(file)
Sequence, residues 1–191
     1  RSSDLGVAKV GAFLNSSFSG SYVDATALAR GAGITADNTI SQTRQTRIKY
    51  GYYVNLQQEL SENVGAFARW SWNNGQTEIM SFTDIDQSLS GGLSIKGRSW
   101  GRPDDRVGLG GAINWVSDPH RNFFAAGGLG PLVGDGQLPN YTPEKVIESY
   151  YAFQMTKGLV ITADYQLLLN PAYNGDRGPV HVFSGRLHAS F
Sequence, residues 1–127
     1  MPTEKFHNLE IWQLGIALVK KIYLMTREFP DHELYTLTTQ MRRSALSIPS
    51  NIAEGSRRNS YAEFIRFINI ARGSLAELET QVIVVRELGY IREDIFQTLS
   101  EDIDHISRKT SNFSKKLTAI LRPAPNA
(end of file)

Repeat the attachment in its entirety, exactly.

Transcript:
Sequence, residues 1–191
     1  RSSDLGVAKV GAFLNSSFSG SYVDATALAR GAGITADNTI SQTRQTRIKY
    51  GYYVNLQQEL SENVGAFARW SWNNGQTEIM SFTDIDQSLS GGLSIKGRSW
   101  GRPDDRVGLG GAINWVSDPH RNFFAAGGLG PLVGDGQLPN YTPEKVIESY
   151  YAFQMTKGLV ITADYQLLLN PAYNGDRGPV HVFSGRLHAS F
Sequence, residues 1–127
     1  MPTEKFHNLE IWQLGIALVK KIYLMTREFP DHELYTLTTQ MRRSALSIPS
    51  NIAEGSRRNS YAEFIRFINI ARGSLAELET QVIVVRELGY IREDIFQTLS
   101  EDIDHISRKT SNFSKKLTAI LRPAPNA